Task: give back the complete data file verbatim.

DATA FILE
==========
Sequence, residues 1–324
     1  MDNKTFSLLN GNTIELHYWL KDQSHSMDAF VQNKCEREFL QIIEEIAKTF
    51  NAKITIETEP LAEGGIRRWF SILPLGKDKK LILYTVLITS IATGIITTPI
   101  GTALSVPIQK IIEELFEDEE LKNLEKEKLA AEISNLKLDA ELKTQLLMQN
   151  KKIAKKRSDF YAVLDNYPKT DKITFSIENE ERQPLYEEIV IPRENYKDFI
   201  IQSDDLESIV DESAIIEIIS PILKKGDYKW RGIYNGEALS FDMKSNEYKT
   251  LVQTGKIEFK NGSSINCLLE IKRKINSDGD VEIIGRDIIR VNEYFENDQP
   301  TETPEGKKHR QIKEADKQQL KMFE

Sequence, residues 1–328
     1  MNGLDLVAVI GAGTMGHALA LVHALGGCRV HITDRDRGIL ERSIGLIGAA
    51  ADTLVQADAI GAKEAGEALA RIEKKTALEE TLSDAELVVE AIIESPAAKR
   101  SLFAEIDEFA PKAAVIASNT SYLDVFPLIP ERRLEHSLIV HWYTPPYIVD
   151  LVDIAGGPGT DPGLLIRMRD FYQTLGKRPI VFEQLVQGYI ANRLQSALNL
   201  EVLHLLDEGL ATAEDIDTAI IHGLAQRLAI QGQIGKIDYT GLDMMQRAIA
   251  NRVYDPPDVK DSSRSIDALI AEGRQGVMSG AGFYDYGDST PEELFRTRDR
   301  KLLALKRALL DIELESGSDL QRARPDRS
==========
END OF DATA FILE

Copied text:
Sequence, residues 1–324
     1  MDNKTFSLLN GNTIELHYWL KDQSHSMDAF VQNKCEREFL QIIEEIAKTF
    51  NAKITIETEP LAEGGIRRWF SILPLGKDKK LILYTVLITS IATGIITTPI
   101  GTALSVPIQK IIEELFEDEE LKNLEKEKLA AEISNLKLDA ELKTQLLMQN
   151  KKIAKKRSDF YAVLDNYPKT DKITFSIENE ERQPLYEEIV IPRENYKDFI
   201  IQSDDLESIV DESAIIEIIS PILKKGDYKW RGIYNGEALS FDMKSNEYKT
   251  LVQTGKIEFK NGSSINCLLE IKRKINSDGD VEIIGRDIIR VNEYFENDQP
   301  TETPEGKKHR QIKEADKQQL KMFE

Sequence, residues 1–328
     1  MNGLDLVAVI GAGTMGHALA LVHALGGCRV HITDRDRGIL ERSIGLIGAA
    51  ADTLVQADAI GAKEAGEALA RIEKKTALEE TLSDAELVVE AIIESPAAKR
   101  SLFAEIDEFA PKAAVIASNT SYLDVFPLIP ERRLEHSLIV HWYTPPYIVD
   151  LVDIAGGPGT DPGLLIRMRD FYQTLGKRPI VFEQLVQGYI ANRLQSALNL
   201  EVLHLLDEGL ATAEDIDTAI IHGLAQRLAI QGQIGKIDYT GLDMMQRAIA
   251  NRVYDPPDVK DSSRSIDALI AEGRQGVMSG AGFYDYGDST PEELFRTRDR
   301  KLLALKRALL DIELESGSDL QRARPDRS